Remember, each baby is different and you know your baby best. The key is getting to know your baby and their needs so you can respond and support them to develop the routine that suits you best. 

    Signs of over-tiredness can be observed as going from crying to laughing really quickly. If your baby or toddler doesn’t fall asleep within their ‘tired’ window they need to muster more energy to stay awake. Over-tiredness can also show as excitable behaviour, crying or being a bit upset. In this instance it’s possible that the sleep cues have been missed.

    So, how much awake time can each age group handle? As a guide:

    Newborn 0 - 3 months 

    Newborn babies can normally have 45-minutes of time awake before they feel fatigue. The newborn phase is the perfect time for establishing healthy sleep habits. In this time your baby will often fall asleep by themselves. 45-minutes of awake time is generally time for a feed, change, and cuddle before they are ready to sleep again. 

    Tip: Putting your newborn to bed soon after they are fed will allow them to drift off to sleep and will prevent them going into an over-tired state. If they become over-tired then cry and are fed again, they may fall asleep during feeding whilst being held, this can commence a pattern of associating been held with falling asleep. Establishing falling asleep without being held from the beginning is ideal. 

    3 - 6 months 

    Babies at 3-6 months can tolerate 1.5 - 2 hours of time awake before they need a nap or bedtime. 

    6 - 8 months 

    2-3 hours of time awake is the usual time frame before fatigue sets in. 

    9 - 12 months 

    At 9 -12 months old, babies will have around 3-4 hours for time awake, then require 2 naps during the day.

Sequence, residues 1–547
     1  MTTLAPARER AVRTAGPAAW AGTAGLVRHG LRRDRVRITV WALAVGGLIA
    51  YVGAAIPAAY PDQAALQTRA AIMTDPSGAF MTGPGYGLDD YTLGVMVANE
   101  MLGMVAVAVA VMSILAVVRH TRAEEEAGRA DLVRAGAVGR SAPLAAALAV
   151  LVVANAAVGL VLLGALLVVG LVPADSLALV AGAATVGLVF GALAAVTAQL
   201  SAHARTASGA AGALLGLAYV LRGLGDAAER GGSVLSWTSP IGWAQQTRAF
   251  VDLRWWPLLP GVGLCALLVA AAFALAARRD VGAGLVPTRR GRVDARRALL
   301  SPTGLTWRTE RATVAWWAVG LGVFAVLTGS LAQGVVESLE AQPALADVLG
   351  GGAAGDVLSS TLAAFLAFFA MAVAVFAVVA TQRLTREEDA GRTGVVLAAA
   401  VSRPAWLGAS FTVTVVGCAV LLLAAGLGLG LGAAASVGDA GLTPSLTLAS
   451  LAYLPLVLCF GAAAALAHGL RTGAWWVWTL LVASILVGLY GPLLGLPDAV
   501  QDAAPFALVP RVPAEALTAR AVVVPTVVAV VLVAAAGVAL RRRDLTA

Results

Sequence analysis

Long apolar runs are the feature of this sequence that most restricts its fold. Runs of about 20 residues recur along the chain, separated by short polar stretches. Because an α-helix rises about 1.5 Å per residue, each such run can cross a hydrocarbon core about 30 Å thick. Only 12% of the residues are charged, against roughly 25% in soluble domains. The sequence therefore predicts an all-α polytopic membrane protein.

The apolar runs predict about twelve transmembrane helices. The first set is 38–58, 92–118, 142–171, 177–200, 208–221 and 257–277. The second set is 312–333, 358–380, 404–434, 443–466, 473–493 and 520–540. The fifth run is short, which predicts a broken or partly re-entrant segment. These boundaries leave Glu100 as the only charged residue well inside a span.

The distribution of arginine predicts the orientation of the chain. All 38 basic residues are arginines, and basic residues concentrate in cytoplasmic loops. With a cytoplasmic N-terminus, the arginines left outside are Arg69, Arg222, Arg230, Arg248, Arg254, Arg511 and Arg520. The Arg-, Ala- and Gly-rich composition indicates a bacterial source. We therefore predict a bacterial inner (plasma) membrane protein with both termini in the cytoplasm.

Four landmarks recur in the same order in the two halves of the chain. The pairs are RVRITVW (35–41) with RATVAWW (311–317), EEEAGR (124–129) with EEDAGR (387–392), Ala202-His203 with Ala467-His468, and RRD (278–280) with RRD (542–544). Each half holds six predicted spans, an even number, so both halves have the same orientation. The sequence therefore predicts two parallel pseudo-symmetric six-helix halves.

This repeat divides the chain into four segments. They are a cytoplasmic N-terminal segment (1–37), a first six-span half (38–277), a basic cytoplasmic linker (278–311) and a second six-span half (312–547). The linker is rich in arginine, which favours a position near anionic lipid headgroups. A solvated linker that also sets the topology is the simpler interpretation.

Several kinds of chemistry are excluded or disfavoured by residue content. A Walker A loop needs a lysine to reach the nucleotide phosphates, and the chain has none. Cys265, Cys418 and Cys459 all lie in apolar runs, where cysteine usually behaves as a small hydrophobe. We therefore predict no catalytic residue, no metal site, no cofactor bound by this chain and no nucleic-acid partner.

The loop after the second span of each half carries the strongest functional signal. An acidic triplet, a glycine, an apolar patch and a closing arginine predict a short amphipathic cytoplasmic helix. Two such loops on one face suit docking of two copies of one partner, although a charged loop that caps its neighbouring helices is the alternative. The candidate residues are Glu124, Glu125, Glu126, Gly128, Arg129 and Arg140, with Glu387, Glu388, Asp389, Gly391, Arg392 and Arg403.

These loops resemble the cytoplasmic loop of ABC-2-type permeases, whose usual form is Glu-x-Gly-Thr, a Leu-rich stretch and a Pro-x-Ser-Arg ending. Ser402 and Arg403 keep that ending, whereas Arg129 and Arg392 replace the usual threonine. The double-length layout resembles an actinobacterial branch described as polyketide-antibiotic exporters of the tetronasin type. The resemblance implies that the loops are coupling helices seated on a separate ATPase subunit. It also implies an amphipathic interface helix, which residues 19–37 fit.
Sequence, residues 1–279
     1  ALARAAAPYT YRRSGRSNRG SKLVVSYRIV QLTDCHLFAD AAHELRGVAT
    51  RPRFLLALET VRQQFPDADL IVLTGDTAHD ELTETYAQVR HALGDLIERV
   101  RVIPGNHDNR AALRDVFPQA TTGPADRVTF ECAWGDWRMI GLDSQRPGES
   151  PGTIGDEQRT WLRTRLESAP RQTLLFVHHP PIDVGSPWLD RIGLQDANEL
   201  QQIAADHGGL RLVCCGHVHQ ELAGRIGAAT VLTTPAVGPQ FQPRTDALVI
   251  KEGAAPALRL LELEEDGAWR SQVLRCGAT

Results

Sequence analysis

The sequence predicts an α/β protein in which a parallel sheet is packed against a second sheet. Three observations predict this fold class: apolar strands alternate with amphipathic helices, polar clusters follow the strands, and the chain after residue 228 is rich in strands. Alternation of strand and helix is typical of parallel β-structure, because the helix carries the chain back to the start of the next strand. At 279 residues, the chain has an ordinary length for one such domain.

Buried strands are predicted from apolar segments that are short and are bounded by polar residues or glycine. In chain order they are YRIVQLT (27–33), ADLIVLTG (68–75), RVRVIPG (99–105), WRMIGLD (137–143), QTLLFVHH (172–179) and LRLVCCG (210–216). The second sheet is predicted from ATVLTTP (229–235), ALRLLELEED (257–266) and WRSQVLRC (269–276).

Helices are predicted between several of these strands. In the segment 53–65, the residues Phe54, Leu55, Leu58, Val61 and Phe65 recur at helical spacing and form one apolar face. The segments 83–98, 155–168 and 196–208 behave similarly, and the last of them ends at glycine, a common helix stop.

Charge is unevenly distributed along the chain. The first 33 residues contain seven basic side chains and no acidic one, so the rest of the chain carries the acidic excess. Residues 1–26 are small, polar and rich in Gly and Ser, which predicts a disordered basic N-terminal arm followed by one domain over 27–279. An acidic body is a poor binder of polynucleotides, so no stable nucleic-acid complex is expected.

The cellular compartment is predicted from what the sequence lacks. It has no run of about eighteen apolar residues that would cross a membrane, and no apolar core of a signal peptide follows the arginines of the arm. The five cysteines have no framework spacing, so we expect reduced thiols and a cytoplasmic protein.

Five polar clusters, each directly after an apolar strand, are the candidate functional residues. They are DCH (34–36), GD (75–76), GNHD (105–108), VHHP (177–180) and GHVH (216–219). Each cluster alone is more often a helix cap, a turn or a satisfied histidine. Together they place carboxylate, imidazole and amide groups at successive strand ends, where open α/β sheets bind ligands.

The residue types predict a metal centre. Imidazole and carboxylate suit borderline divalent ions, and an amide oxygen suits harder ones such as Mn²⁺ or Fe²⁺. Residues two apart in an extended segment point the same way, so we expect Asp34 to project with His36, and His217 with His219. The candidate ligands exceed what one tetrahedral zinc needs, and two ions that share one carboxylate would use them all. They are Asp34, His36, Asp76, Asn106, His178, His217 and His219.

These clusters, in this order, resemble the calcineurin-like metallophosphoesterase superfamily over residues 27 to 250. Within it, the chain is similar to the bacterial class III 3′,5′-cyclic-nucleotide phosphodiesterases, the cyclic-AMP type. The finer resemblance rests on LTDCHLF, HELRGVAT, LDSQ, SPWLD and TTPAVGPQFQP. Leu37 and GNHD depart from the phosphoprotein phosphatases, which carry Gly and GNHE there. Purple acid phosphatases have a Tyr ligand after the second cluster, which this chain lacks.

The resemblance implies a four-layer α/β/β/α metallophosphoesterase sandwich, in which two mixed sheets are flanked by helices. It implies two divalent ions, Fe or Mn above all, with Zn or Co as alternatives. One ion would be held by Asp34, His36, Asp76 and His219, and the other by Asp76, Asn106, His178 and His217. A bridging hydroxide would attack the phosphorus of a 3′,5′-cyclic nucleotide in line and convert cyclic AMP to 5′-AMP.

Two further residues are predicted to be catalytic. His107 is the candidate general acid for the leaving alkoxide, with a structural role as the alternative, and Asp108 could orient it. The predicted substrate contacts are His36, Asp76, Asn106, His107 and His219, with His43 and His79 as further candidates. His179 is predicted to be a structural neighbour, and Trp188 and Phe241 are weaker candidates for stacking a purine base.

12 months - 2.5 years 

    From toddler age, 4.5 or 5 to 6 hours of time awake with a 2-3 hour nap in the afternoon is what is recommended. Bedtime can then start to be a more consistent time of 7pm or 7:30pm. 

    Tip: From two and a half your toddler will generally need only 1 nap and you can aim for a bedtime of 7pm. They will likely be sleeping through the night and for up to 12 hours. Also, from about two and a half your toddler will transition out of needing a nap but adapt a more regular bedtime. Love to Dream’s sleep suits & bags are perfect for this period.

    And what about SLEEP CUES and TIRED SIGNS?


    Sleep cues to look out for with newborns include yawning, closing fists, frowning, sucking on fingers to self-settle, fluttering eyelids, gazing, sharp movements of their arms or legs and arching backwards.

    Babies and Toddlers 

    Toddlers will show tiredness by gazing into the distance, yawning, disengaging or losing interest, displaying clinginess, resting their head on furniture or car seats, or becoming upset easily. 

    How to get your baby to sleep longer at night?

    Keep in mind that we need energy to get to sleep and energy to stay asleep. The more we reduce light exposure, engage in consistent full feeds, and allow for adequate movement throughout the day, our ability to sleep will increase. A key for your baby will be to learn to self-settle and self-sooth. Allowing access to hands and fingers through their sleeping garment will encourage this. Getting them used to being in their cot, by themselves and before they are over-tired or upset, will allow them to drop into a deeper and more consistent level of sleep. Remember, babies will wake throughout the night and it is natural to do so. ‘Sleeping through the night’ simply means if your baby does wake up through the night they can fall back to sleep on their own.